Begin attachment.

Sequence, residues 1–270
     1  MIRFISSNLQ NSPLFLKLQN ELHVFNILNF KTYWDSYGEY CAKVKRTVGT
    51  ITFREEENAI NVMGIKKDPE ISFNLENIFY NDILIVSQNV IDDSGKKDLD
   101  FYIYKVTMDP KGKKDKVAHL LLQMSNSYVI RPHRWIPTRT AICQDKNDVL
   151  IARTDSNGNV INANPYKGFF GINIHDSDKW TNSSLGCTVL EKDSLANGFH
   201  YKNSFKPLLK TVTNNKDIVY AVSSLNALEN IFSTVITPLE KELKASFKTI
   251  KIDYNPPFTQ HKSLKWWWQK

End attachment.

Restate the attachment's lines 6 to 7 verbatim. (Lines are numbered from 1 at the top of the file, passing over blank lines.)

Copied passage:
   201  YKNSFKPLLK TVTNNKDIVY AVSSLNALEN IFSTVITPLE KELKASFKTI
   251  KIDYNPPFTQ HKSLKWWWQK